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Ugandan President Museveni Said ‘No’—Repeatedly—to U.S., British Army Bases

Reporter Wongel Zelalem, posted a clip on Dec. 28 on her YouTube channel of Uganda’s President Yoweri Museveni describing to an audience how to handle security negotiations with “Bwana NATO.” (paraphrase): “The Americans came here, and the British, and these Western governments, and they said, ‘we want to help you build your army.’ We said, ‘But we have already built the army…. So, we don’t want to be over- involved with you people. We can share some experiences, that’s all.’

“So that’s why you find that we don’t have foreign bases here, foreign armies here…because we didn’t need them [applause]. Foreign armies? What? We can defend ourselves. We don’t need anything from anybody. If we need knowledge you can come and [we can learn], and you can come back. And then we had these African countries getting problems—Niger, Burkina Faso, Mali, Central African Republic—they got problems, because of that over-involvement with foreigners, in the issue of security.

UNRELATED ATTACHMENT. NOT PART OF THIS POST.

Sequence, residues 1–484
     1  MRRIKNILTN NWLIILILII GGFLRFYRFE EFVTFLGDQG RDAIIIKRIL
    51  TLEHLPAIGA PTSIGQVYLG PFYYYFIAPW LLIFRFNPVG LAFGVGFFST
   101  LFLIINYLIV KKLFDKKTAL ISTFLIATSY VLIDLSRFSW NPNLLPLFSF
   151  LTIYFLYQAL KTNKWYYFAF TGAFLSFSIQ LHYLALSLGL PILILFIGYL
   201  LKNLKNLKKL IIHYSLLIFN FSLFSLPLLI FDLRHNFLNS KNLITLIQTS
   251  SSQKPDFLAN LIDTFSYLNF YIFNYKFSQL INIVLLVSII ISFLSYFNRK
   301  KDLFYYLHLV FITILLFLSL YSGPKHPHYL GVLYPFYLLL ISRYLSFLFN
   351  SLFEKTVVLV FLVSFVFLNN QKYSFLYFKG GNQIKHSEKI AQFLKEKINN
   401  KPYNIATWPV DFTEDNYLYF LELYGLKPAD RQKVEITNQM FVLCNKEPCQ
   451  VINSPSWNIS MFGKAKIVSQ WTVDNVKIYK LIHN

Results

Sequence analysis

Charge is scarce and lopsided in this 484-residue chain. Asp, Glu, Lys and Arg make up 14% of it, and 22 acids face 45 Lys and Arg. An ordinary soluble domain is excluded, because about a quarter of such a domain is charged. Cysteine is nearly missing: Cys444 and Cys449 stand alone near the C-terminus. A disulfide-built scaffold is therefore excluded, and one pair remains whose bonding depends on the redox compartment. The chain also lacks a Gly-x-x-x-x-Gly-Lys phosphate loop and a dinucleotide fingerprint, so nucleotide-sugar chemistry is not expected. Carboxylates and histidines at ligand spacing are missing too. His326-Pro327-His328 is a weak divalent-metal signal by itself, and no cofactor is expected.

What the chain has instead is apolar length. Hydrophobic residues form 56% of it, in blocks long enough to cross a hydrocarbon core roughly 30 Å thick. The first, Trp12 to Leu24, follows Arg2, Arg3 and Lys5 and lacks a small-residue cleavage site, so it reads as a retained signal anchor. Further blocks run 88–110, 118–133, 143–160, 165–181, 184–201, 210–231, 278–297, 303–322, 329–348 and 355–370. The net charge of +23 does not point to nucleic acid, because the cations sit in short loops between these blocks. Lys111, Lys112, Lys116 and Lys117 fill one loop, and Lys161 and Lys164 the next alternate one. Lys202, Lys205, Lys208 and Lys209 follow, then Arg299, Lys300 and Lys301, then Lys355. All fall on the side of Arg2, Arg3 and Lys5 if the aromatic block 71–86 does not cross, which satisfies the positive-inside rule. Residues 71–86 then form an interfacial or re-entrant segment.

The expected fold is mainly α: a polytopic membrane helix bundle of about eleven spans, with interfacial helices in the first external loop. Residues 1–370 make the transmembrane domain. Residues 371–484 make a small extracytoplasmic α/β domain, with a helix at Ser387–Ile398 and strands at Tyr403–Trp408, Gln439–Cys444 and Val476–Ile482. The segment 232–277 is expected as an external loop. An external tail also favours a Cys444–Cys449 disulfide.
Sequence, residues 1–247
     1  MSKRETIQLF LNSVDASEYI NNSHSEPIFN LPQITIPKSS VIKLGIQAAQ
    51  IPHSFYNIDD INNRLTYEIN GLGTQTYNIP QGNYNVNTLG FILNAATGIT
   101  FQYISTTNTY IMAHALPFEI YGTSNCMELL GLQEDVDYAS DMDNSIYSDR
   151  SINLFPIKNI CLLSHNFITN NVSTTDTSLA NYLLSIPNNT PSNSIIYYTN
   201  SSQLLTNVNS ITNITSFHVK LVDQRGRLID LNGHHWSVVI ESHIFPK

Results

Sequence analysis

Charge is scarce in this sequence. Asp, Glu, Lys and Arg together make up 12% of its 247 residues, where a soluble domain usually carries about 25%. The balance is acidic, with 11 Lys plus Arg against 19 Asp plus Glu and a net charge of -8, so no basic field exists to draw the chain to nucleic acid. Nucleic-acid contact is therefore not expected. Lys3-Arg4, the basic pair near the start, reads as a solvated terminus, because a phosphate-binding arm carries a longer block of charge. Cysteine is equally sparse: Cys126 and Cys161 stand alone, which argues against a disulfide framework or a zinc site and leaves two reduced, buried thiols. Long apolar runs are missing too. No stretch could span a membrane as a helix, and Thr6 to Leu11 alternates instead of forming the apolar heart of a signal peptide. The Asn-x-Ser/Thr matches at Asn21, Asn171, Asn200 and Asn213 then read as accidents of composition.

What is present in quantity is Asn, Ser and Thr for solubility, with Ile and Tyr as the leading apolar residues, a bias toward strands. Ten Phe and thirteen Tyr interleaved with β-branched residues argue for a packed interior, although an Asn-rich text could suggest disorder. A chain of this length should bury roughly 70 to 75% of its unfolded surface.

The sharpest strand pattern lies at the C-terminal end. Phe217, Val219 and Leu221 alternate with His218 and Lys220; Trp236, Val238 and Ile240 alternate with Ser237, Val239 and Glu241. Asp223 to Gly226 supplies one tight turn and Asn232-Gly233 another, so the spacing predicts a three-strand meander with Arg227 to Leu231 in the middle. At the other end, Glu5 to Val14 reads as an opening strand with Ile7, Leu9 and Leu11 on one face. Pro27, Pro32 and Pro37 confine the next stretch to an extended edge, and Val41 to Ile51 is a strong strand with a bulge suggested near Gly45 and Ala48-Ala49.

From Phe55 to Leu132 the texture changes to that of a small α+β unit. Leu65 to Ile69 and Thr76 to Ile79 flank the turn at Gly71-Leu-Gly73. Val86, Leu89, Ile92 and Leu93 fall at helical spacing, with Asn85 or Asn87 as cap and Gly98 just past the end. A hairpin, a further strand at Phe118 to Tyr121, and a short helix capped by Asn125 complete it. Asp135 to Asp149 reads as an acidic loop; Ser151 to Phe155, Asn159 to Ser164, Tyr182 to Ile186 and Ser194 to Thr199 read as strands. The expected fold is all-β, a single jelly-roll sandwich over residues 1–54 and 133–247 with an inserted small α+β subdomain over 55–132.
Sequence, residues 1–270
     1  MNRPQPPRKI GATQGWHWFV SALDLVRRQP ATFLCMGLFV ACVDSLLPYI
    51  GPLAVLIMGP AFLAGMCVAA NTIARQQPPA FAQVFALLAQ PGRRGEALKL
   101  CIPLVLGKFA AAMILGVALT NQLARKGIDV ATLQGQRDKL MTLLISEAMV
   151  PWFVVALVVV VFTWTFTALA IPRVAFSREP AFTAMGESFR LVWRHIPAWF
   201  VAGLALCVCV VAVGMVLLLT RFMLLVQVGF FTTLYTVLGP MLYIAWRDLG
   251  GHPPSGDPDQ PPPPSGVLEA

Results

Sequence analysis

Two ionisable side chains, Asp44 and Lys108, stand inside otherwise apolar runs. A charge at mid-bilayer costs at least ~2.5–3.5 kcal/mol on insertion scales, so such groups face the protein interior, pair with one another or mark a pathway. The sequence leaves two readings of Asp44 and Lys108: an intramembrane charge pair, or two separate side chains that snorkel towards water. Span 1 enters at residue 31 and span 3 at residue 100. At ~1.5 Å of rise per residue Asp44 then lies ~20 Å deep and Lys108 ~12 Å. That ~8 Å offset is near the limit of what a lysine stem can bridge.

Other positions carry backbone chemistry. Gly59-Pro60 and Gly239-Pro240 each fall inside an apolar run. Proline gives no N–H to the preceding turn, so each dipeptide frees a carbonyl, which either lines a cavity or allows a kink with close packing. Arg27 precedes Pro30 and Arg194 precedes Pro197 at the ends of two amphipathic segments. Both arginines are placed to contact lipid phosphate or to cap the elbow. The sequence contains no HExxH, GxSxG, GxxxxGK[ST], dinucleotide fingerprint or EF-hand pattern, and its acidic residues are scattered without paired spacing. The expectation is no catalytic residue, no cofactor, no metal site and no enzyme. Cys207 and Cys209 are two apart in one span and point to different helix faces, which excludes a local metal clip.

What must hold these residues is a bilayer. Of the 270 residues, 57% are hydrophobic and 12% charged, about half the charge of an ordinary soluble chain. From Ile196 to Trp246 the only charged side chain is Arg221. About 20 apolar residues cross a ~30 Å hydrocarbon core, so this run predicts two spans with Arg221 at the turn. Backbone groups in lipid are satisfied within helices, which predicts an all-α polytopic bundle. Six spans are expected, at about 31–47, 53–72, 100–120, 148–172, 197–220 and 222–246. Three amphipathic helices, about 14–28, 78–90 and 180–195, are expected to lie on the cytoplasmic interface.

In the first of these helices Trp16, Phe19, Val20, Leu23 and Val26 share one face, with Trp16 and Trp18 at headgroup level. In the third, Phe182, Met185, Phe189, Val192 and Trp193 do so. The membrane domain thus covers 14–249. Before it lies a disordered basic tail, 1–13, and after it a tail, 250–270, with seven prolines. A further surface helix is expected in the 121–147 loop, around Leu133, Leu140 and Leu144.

“So, you can take one example—What they call SOFA, it means Status Of Forces Agreement. If [their] forces are in Uganda, how should they be handled? So, the Americans and the British brought their SOFA to me. They said, ‘when our forces are here, if they make a mistake, they should not be tried here. They should be tried in the U.S.’ Why? Then I said, ‘OK, can we make that reciprocal, so if Ugandans do something in the U.S. and they make a mistake, they will be tried back here in Uganda? They said, ‘No, no!’

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